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Lloyds and Halifax overdraft shake-up: Will you pay more or less?

Lloyds and Halifax overdraft shake-up: Will you pay more or less?
Paloma Kubiak
Written By:
Paloma Kubiak
Posted:
06/06/2024
Updated:
06/06/2024

Lloyds Banking Group is moving towards a tiered overdraft system that will see some customers paying more – up to 49.9% for arranged borrowing – the highest rate on the market.

The banking giant has written to customers with either a Lloyds Bank, Halifax or Bank of Scotland current account informing them of an upcoming change to the interest rate applied to overdrafts from August.

Currently, most customers are charged 39.9%, but Lloyds already charges some 49.9% after introducing this level in 2020.

Meanwhile Club Lloyds customers currently have a lower 27.5% interest rate or they pay 49.9%.

But from August, two new lower tiers will be introduced at 19.9% and 29.9%, meaning there will be four tiers in total:

  • 19.9%
  • 29.9%
  • 39.9%
  • 49.9%

 

This means some customers with an arranged overdraft – when you need to borrow a little extra beyond your balance – will pay the same or less, while others will pay more.

The lower 27.5% rate on overdrafts for Club Lloyds customers will also be removed.

However, Lloyds said it is providing 60 days’ notice for customers whose rates will rise, and it will also introduce a temporary tier at 34.9% to limit the impact.

Further, it added that any hikes will be capped at 7.4 percentage points above what they’re currently paying.

For anyone whose rate will fall, Lloyds said it gives seven days’ notice of the change.

There’s no change to unarranged overdrafts. Since 2017, Lloyds has not charged customers for entering their unarranged overdraft.

Will you pay more or less?

Which tier you’ll pay and exactly why is up for discussion.

Lloyds determines the rate based on its affordability assessment, which takes into account factors such as the information received from credit reference agencies, as well as how the account is used.

But Sara Williams, personal finance expert and founder of Debt Camel, said the way it is determined doesn’t give customers much of a clue.

Feedback she received from customers also didn’t reveal a trend or pattern. One user who wasn’t using her account at all will see her rate fall from 39.9% to 29.9%. Meanwhile, another who never uses their overdraft will see the rate hiked to 39.9%.

Williams wrote in her Debt Camel post: “The pricing for an individual banking with part of the Lloyds Group will still be a single rate. But anyone thinking of switching their account to Lloyds [it currently offers £175] will have no idea what rate they may be offered on an overdraft, making comparisons – and any hope of competition reducing rates – less likely.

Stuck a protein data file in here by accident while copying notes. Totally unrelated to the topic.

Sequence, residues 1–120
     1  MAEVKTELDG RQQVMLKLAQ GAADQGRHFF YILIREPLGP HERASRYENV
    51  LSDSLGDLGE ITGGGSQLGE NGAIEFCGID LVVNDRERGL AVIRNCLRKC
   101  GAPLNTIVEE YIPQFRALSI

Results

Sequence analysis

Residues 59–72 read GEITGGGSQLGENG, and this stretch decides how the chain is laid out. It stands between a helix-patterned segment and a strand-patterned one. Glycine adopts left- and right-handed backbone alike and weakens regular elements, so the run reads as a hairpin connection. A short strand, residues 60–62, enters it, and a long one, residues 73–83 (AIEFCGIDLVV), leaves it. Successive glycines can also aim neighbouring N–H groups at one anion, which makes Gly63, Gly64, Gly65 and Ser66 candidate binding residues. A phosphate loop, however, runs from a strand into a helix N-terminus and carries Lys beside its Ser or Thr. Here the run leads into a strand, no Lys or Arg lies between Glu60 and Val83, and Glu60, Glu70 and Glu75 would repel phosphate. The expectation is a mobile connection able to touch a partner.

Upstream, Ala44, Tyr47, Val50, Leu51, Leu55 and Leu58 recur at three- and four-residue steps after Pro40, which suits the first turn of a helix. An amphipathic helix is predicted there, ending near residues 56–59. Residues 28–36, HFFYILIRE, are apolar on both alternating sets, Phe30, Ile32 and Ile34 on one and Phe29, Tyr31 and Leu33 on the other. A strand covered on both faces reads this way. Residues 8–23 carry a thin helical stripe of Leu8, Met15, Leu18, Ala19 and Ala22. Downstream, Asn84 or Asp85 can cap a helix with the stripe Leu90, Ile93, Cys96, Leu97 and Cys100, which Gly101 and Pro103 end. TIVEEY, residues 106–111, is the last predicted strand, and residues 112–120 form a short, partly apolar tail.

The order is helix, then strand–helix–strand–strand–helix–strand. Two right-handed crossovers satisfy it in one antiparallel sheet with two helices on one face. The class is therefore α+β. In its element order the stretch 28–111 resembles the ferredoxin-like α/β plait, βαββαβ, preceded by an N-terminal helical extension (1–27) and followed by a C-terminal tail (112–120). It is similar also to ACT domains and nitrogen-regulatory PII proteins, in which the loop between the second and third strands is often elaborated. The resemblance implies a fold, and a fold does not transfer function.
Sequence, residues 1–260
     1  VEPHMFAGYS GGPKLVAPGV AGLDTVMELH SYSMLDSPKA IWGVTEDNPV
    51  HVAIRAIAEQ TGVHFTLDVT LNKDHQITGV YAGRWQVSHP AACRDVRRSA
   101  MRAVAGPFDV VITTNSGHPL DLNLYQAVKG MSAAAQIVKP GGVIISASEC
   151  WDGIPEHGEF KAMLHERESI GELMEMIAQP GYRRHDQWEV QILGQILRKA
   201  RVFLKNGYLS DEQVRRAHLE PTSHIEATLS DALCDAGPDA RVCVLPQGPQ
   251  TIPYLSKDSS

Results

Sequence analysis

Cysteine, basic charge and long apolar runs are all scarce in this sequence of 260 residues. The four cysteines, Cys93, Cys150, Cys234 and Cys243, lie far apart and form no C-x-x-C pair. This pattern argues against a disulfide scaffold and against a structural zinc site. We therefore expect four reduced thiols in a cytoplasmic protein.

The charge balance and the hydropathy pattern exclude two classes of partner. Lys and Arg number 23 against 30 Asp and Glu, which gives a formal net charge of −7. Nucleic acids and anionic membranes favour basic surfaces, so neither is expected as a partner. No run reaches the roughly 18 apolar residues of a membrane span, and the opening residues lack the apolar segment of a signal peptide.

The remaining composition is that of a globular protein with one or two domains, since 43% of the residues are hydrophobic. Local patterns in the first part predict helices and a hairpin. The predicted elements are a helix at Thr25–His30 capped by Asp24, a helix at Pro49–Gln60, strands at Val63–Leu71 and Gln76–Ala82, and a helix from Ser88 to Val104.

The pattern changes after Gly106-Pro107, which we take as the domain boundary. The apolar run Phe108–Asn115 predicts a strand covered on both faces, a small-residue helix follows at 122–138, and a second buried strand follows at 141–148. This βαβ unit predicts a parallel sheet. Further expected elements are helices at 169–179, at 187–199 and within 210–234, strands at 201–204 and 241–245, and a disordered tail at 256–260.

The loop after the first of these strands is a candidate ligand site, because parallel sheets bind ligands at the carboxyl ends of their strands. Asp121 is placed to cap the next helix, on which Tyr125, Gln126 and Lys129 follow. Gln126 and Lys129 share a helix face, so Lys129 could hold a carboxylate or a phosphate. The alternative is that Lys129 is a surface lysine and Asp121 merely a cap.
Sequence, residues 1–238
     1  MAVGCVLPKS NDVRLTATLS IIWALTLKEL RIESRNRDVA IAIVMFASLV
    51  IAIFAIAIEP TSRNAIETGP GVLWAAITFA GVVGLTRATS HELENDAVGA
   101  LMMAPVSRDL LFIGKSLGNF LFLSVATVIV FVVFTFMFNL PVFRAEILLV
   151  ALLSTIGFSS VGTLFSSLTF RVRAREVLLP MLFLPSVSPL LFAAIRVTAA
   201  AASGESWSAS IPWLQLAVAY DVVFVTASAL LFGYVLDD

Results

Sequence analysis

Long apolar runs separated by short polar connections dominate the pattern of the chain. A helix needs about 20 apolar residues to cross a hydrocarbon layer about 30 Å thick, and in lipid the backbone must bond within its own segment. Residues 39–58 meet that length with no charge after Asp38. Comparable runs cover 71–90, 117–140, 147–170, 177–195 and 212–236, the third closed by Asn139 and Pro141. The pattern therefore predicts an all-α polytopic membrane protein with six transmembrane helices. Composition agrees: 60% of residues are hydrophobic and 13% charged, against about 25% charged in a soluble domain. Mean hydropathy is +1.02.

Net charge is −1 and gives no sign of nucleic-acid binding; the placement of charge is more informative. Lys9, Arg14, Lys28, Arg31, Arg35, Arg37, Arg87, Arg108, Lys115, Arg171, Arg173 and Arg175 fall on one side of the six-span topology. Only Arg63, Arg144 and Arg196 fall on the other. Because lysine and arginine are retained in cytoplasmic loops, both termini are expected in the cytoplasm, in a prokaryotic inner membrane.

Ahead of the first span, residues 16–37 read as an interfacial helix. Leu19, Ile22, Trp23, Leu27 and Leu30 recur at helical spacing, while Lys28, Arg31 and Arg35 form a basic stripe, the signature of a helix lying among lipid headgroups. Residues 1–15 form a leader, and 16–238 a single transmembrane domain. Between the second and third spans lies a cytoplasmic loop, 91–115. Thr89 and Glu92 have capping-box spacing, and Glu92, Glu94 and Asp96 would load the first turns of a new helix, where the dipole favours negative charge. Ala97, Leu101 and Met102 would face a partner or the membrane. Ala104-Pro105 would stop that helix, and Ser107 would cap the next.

“Secondly, if customers who are in difficulties are moved to a higher rate, that will cause them more problems.”

She added that increasing overdraft charges also seems at odds with the Consumer Duty, and highlighted the recent Child Benefit payment fiasco that meant overdrafts were a lifeline for those requiring temporary borrowing, at a lower rate for now, if they’re with Lloyds.

‘As expensive as subprime loans’

Alastair Douglas, TotallyMoney CEO, said: “For some, overdrafts are a ghost debt, as there’s no separate account, card, app, or provider. People can drift in and out of them each month, without really recognising they’re slipping into debt, or paying interest.

“But the truth is that overdraft rates can be some of the highest on the high street. And with Lloyds, Halifax, and the Bank of Scotland now charging up to 49.9%, they’re becoming as expensive as some subprime loans.”

Douglas added that if you use an overdraft, then you should consider other options, and shop around for a better offer.

“This might mean clearing the balance with savings, a loan, or money transfer. Another option might be to move to a bank [that] offers interest free overdrafts – and they might even pay you to switch.

“A good personal finance app should help you manage your money better, and by cutting out expensive borrowing behaviours, you can get out of debt quicker, and start moving your finances forward.”

A Lloyds Banking Group spokesperson said: “We are writing to our customers to let them know we’re introducing new interest rate tiers on our overdrafts. The changes mean many will continue to pay the same or less than they do today, while some may see an increase.”

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